Saturday, May 21, 2016

An Ozarks storyteller

At my day job, I work with a young (compared to me) fellow named Ronald Wilson. He is from Richland, and he is quite the storyteller. The other day in the breakroom while a bunch of us were in there visiting, he told us the wildest story.
"My dad was in Springfield yesterday, and he was behind an ambulance combing home. They were going along at a pretty good clip, and the back doors of that ambulance blew open, and a box flew out and landed on the side of the street," he said.
"Well, that ambulance went on. It didn't stop, so dad pulled over and got out and picked up the box and took it back to the car," Ron said. "There was no writing on the outside of the box to tell where to take it, so he opened it up to see if there was any information.
"What there was in there was a toe!" he said. "A human toe! On ice!
"Well, dad didn't know what to do. He thought about calling the police, but there wasn't a crime. He thought about calling the fire department, but there wasn't a fire.
"So he did the next best thing," Ron declared. "He called a toe truck."
We all sat there a second, then we laughed uproariouslhy, and I can't help it, I laugh every time he retells that story. Heck, I laughed again while I typed it for you to read.

Wednesday, May 11, 2016

"Give the turtles a brake"

We were driving down a rural road last summer when suddenly my wife hit the brakes. As there was no traffic, I was alarmed.

"What's the matter?" I asked. "Is something wrong with the truck?"

"No," she said, a hint of exasperation in her voice. "There's a turtle in the road."

And she hopped out and walked over to where the critter was, picked him up and carried him to the roadside where she placed him on the ground.

"Now I feel better," she said.

"He'll just walk back out in the road," I said.

"I hope not," she said. "I faced him away from it."

"Oh, good grief," I said.

Turns out she did the right thing, according to the Missouri Department of Conservation.

"The Missouri Department of Conservation (MDC) encourages motorists to give turtles crossing roads a brake," according to a news release we received here at the office yesterday. "Turtles are struck by cars throughout warmer months, but are at special risk this time of year because they are on the move. Young males make up most of the travelers as they search for territories of their own and for female turtles. Comfort is also a factor. Like other reptiles, turtles are cold-blooded so basking on warm asphalt feels good on cool spring days."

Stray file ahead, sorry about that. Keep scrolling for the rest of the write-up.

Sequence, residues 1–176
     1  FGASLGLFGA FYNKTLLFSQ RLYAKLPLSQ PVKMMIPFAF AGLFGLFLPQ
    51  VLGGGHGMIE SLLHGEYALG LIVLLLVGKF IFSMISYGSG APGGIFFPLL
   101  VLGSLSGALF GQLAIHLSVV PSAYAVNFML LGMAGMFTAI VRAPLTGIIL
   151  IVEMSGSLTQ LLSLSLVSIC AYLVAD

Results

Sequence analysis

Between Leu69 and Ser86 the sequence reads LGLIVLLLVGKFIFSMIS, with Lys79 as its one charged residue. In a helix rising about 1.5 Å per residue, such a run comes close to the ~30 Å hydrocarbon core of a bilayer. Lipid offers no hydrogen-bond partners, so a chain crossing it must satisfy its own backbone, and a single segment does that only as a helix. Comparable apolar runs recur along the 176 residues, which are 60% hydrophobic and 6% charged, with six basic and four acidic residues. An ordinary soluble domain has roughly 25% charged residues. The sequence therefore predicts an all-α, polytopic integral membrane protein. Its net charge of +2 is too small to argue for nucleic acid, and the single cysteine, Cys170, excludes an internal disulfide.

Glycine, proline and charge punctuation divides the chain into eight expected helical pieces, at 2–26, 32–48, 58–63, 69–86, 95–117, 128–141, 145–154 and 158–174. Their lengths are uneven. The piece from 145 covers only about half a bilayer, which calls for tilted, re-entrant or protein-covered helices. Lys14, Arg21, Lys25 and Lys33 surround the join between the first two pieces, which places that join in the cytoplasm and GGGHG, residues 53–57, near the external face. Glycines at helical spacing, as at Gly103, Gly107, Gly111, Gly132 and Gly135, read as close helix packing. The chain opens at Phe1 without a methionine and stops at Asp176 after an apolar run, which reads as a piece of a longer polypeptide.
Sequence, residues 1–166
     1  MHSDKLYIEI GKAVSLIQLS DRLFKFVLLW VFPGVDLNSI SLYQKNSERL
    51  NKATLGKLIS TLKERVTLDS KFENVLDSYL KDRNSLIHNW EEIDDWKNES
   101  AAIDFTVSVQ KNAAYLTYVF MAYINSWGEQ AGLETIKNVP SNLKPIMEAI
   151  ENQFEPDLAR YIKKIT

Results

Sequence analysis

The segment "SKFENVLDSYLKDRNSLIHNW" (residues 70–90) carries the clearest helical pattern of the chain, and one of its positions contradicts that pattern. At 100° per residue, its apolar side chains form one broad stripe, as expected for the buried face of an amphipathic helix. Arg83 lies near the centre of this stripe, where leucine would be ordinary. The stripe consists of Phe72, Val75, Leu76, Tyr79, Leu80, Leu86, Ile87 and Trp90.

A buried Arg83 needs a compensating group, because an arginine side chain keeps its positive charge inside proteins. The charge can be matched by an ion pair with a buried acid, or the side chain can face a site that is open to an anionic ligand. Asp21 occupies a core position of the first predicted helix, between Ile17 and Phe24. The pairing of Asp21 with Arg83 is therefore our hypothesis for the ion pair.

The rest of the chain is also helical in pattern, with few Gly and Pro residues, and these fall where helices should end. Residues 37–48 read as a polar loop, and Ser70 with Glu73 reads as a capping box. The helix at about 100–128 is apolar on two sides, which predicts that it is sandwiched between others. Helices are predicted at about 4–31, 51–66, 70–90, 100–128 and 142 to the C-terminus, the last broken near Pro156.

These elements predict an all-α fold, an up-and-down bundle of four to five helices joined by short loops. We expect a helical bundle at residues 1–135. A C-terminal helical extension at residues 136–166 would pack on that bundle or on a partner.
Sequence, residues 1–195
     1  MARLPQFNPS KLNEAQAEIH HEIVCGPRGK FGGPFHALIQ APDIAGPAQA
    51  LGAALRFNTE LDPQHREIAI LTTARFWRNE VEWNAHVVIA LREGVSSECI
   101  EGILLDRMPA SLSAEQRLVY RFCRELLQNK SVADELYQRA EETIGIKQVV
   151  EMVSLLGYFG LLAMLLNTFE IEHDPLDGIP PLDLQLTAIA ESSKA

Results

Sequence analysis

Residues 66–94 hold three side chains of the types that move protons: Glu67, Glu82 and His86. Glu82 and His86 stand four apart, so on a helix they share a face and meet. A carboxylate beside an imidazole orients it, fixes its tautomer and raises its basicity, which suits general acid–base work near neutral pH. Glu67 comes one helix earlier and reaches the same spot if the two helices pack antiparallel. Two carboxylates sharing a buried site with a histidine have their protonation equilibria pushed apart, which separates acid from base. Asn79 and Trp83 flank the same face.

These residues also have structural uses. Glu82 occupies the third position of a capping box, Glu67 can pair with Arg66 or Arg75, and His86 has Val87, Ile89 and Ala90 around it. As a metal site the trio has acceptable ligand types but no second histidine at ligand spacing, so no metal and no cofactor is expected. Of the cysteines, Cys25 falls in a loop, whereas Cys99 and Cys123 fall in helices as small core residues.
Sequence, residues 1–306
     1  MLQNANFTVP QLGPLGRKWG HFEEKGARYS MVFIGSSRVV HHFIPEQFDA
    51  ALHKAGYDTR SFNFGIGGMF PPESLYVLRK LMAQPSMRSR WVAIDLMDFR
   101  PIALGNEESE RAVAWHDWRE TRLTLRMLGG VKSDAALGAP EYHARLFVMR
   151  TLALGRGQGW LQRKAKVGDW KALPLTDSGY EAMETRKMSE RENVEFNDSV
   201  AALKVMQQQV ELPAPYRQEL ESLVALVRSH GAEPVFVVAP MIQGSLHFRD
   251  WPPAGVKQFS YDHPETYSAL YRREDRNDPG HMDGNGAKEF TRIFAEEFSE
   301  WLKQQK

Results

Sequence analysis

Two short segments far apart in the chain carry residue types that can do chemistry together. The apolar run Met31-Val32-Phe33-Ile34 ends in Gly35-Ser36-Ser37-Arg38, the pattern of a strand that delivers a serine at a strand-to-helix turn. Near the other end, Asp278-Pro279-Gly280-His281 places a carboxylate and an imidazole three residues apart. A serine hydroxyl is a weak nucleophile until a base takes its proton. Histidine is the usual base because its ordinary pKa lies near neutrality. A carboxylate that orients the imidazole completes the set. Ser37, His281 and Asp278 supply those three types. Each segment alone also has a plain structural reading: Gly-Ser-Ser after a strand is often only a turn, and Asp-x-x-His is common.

According to the conservationists, my wife did exactly the right thing.

"MDC encourages motorists to slow down when they see a turtle in the road and check to be sure they can safely steer around it. If helping a turtle cross a road, keep human safety as the number-one concern. Check for traffic and move the turtle across the road in the direction it is traveling," the news release said.

Continuing, the notice said: "The three-toed box turtle is a species often seen crossing roads in Missouri. Primarily a woodland species, it is found everywhere but the extreme northern part of the state. The ornate box turtle is also a common traveler and is found in all but the southeastern corner of the state. It is more adapted to grasslands and is most common in western Missouri. For more information on Missouri turtles, visit our online Filed Guide at nature.mdc.mo.gov/discover-nature/field-guide/search/turtle [ http://nature.mdc.mo.gov/discover-nature/field-guide/search/turtle ]."

So, once again, I was wrong, she was right. The story of my life.

Watch out for turtles.
________________________________________________________________________

Tuesday, May 10, 2016

Wildflowers have multiple benefits

My wife was feeling a bit blue a couple of weeks ago or so. There were pictures showing up on her Facebook page of the bluebonnets and Indian paintbrushes in bloom back in her home state of Texas. Beautiful pictures they were, too, of vast fields of blue or orange or a mix.

I've never been down there with her at this time of year. Maybe next spring we can manage schedules to get down in time to see the wildflowers all along the roadsides and up the hillsides and across the flatlands.

We don't have anything like that in Missouri. We could have, but we don't have the will or the desire. People here demand that the roadsides be clear, so the county highway departments and the state transportation department start mowing early.  We could have just as beautiful a spring as Texas does, for we have lots of native flowers. If we were willing to let them grow, we could have beautiful flowers all summer.